This fall, pests of all varieties will be looking for places to spend the winter. Insects like stink and box elder bugs, rodents, and even wildlife all need shelter to survive winter. They find that shelter by investigating any heat sources they can find, including the heat coming from your home.While nearly every pest is interested in entering your home this fall, some are even more common than others. The four following pests each become significant pest problems only in fall and specifically because it’s fall. This is everything you should know about the pests you’ll have to deal with as the season changes:
Asian lady beetles
Asian lady beetles are an infamous invasive beetle species that look very similar to ladybugs. Like ladybugs, asian lady beetles are about ¼” long, oval-shaped and convex, and have red, spotted elytra. Unlike ladybugs, asian lady beetles are considered annoying nuisance pests. Originally native to eastern Asia, asian lady beetles were introduced into the US as a biological control agent. Ironically, after their introduction, the beetles mated out of control themselves and spread throughout the US.
The key difference between ladybugs and asian lady beetles becomes apparent in fall. As natives to tropical climates, asian lady beetles are quite sensitive to cold weather. When they feel the air temperature start to drop, asian lady beetles start looking for places to keep warm. Unfortunately, these places are usually homes. You might find asian lady beetles congregating around your doors and windows starting in late September or early October. For now, they’re probably just sunning themselves on heat-reflecting surfaces in order to keep warm. If they find a way inside in the process, however, you can bet they’ll use it!
Box Elder Bugs
Box elder bugs (Boisea trivittata) are native insects that feed on the seeds of boxelder trees. They’re around ¼” long and mostly black with distinctive bright red markings on their wings and heads. During the summer, boxelder bugs spend almost all their time hiding near the boxelder trees they feed on. Starting in fall, however, they spread out to look for places to spend the winter. Box elders naturally seek out enclosed, warm structures... which tends to bring them straight to you.
Like asian lady beetles, box elder bugs tend to be quite temperature sensitive. As soon as temperatures drop, box elders spend their days sunning themselves on warm surfaces near their host trees. Unfortunately, these warm surfaces often include parts of homes, especially southern-facing windows and walls. When they find a good place to keep warm, boxelders will gather there in very large numbers. You might find rather intimidating clusters of boxelders around your doors, windows, or frames anytime between late August to late October.
Cluster flies (Pollenia rudis) are slightly smaller than most common “garbage” or “blow” flies. They tend to fly in jerking, erratic patterns and hop quickly from surface to surface. Adult cluster fies are about ¼“ long and mostly grey or black. Cluster flies’ most distinctive physical characteristic is the golden-yellow hairs on their thoraxes, which give them a golden sheen. Unlike most house flies, cluster flies emerge starting in late summer or early autumn.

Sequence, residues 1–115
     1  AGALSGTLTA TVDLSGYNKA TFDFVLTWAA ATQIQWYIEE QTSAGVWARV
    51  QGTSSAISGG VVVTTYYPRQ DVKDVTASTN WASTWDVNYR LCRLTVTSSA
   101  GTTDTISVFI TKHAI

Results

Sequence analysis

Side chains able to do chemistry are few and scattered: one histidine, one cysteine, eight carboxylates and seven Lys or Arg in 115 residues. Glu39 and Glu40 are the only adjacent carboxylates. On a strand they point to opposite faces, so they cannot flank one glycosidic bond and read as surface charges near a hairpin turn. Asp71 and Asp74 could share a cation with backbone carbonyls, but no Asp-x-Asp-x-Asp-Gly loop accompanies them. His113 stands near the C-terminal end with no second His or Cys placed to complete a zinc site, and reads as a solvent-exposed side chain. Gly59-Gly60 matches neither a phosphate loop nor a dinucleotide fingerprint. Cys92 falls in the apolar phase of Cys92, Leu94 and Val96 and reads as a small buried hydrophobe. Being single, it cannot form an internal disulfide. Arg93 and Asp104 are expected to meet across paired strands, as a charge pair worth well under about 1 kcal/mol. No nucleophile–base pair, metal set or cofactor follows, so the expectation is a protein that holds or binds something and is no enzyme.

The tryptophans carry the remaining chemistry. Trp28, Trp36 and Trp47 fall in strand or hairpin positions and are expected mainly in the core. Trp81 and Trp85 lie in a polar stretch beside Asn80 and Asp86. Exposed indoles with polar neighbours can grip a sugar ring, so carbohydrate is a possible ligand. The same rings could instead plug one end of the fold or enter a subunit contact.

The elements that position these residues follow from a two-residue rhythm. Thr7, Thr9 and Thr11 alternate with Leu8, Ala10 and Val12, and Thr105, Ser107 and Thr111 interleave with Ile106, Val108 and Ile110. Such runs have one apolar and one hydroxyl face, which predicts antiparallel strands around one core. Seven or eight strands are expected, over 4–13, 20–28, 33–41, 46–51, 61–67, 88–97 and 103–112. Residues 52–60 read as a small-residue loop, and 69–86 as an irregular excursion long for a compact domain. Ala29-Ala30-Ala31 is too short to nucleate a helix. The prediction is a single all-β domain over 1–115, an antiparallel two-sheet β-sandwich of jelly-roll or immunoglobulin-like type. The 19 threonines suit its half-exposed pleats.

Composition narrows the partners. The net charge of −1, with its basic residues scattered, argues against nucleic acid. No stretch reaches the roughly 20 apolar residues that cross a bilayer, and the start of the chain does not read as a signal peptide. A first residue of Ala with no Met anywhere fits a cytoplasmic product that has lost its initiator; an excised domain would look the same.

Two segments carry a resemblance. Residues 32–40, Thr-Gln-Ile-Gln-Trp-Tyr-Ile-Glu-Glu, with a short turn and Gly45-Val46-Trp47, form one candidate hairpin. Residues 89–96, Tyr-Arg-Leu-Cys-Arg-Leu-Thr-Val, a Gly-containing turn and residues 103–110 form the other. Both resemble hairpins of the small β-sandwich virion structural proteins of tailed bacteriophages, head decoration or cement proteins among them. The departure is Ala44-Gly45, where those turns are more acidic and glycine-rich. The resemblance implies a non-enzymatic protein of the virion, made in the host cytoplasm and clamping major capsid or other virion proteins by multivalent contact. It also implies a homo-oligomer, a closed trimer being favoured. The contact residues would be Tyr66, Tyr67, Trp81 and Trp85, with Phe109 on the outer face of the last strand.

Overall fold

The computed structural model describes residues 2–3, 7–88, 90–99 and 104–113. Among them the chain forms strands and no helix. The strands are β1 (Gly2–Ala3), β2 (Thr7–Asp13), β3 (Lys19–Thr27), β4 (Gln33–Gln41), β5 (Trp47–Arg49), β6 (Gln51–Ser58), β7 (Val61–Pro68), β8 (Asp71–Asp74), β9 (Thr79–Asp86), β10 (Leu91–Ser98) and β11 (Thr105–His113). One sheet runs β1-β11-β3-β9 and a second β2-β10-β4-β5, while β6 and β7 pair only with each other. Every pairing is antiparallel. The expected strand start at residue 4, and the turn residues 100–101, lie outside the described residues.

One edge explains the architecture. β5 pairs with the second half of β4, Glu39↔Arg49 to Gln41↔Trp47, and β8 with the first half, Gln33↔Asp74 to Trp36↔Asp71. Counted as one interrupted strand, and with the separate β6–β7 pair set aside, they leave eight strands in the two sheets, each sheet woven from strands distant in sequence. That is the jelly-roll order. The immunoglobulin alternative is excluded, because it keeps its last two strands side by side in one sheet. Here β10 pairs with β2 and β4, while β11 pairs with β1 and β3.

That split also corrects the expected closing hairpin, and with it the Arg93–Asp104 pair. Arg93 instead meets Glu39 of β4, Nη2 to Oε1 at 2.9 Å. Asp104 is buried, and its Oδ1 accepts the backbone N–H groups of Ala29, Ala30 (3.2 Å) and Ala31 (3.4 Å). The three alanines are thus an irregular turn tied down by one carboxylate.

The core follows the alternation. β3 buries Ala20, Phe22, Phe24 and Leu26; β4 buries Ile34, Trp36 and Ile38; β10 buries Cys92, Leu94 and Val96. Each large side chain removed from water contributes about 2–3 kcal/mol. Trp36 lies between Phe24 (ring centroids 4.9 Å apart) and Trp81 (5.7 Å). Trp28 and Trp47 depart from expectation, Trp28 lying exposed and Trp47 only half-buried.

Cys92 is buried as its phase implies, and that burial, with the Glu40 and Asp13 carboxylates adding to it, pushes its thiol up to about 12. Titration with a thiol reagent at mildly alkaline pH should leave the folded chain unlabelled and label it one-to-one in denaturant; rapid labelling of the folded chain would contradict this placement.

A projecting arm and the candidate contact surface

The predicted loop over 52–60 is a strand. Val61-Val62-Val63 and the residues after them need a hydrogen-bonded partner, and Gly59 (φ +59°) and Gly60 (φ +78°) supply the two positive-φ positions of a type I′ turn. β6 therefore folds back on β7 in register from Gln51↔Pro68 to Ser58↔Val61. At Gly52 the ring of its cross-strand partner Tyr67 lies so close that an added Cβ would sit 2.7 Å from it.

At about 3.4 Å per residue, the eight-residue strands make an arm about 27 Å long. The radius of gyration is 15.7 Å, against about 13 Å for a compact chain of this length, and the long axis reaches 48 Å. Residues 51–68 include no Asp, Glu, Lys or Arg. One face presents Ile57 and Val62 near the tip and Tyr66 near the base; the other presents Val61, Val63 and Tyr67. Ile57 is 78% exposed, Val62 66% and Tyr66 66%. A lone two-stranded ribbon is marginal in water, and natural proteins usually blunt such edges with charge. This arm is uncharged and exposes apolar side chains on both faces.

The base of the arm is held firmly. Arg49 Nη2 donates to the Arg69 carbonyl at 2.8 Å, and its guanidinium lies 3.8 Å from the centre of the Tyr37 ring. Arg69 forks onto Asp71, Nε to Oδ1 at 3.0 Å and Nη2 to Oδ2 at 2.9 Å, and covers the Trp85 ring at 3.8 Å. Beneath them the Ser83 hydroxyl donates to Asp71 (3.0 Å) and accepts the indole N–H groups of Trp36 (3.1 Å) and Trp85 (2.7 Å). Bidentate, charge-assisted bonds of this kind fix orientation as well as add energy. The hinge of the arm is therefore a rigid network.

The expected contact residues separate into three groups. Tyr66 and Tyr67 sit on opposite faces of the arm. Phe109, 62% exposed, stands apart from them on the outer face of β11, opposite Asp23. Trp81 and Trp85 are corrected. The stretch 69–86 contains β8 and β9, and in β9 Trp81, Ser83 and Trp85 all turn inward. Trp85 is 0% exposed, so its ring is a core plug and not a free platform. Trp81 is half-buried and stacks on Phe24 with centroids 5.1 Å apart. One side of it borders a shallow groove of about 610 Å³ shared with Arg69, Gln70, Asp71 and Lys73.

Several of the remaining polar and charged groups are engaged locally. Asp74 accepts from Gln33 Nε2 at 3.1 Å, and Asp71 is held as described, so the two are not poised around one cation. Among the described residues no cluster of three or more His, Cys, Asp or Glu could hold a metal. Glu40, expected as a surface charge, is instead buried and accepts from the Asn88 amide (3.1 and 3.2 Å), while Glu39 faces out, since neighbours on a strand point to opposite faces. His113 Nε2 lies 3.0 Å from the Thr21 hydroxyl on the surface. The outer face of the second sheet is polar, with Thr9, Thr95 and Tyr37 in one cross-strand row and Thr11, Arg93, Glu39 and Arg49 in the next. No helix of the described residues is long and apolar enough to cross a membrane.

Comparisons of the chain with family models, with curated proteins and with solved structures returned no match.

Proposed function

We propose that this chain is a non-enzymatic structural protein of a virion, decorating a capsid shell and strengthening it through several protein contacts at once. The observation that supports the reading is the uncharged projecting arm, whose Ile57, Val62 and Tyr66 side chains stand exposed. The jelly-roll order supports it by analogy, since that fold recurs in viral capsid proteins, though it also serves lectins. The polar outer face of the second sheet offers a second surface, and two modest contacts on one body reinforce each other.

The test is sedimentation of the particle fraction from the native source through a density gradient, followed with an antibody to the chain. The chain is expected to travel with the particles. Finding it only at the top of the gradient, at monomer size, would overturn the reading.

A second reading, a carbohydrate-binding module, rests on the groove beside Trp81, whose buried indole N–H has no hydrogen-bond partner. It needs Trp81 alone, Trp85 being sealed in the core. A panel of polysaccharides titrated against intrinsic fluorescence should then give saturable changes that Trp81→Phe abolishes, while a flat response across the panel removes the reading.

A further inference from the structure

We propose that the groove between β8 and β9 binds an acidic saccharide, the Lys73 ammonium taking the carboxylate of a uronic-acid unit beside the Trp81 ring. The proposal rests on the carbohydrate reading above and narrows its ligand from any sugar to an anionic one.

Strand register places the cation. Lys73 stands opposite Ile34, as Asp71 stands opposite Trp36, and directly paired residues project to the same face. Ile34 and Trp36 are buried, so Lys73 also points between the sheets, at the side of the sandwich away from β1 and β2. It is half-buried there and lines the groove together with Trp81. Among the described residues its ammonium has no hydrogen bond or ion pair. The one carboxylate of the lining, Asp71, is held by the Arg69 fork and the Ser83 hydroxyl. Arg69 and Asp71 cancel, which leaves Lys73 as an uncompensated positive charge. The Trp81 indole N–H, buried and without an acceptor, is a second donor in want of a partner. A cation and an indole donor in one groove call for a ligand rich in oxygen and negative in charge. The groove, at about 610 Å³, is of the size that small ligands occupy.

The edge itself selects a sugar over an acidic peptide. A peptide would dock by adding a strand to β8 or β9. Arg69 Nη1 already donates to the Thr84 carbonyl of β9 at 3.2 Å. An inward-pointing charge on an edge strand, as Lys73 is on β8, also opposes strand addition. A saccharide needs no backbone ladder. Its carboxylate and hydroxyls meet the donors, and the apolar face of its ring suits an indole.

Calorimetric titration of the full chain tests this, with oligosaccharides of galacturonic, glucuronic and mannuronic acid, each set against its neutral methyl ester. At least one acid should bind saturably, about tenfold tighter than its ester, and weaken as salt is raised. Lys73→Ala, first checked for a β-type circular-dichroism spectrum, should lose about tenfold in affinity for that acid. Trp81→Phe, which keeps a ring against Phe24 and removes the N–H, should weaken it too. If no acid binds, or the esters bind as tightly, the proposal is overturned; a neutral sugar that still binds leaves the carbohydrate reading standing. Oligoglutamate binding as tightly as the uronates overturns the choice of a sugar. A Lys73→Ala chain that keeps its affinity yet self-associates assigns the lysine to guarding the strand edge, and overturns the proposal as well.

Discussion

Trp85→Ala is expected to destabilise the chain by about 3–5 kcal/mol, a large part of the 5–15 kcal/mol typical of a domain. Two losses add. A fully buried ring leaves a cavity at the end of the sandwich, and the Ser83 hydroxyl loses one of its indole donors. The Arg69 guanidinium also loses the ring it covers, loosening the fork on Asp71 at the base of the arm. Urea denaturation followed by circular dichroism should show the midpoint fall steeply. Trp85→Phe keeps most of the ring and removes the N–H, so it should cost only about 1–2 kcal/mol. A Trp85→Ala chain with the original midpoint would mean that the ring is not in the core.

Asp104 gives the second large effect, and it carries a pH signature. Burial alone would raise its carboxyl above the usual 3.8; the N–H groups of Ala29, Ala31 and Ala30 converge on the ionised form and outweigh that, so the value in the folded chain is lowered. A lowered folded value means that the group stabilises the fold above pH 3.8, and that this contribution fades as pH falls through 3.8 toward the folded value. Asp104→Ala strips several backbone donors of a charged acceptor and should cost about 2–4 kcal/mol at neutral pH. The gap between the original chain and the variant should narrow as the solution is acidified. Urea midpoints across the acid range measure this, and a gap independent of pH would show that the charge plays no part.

Cluster flies become prevalent starting in fall because the adults are seeking overwintering sites where they can safely hibernate. They tend to favor inaccessible, sheltered, and secluded locations where they can keep warm without being disturbed. You might find them in attics, basements, rafters, crawl spaces, and other underutilized areas of the home. They’re particularly likely to congregate around small cracks and crevices near walls and windows starting in September. If they get inside your home this fall, you might find them flying around all winter.
The most common cricket that becomes a problem in fall is the field cricket (Gryllus pennsylvanicus). Field crickets are about an inch and a half long and usually uniformly black or dark brown. They have long antennae, six legs, and protruding hind sensory organs called cerci. Like asian lady beetles or stink bugs, crickets are actually only accidental home invaders. Unfortunately, accidental or not, indoor field cricket infestations are rather common--especially in fall.
Crickets accidentally enter homes in fall because they’re attracted to the heat, darkness, and shelter homes provide. Starting in September, they’ll seek out dark, warm cracks and crevices where they can survive frost. In their attempt to stay warm by crawling through cracks, they’ll often accidentally fall into homes or sneak through walls. Once inside, crickets can survive temporarily by feeding on other insects, paper, wool, or linen. Crickets can’t reproduce indoors, but that won’t stop them from making a racket… or leaping around!
Fall is arguably the most important time of the year for pest control. Nearly every variety of pest from rodents to spiders to wasps, are all trying to keep warm right now. If they have the opportunity to keep warm in your home, they’ll take it.If you’re having trouble with pests this fall, get in touch with Plunkett’s right away. Our special fall invaders program is designed specifically to thwart overwintering pests like the ones featured above.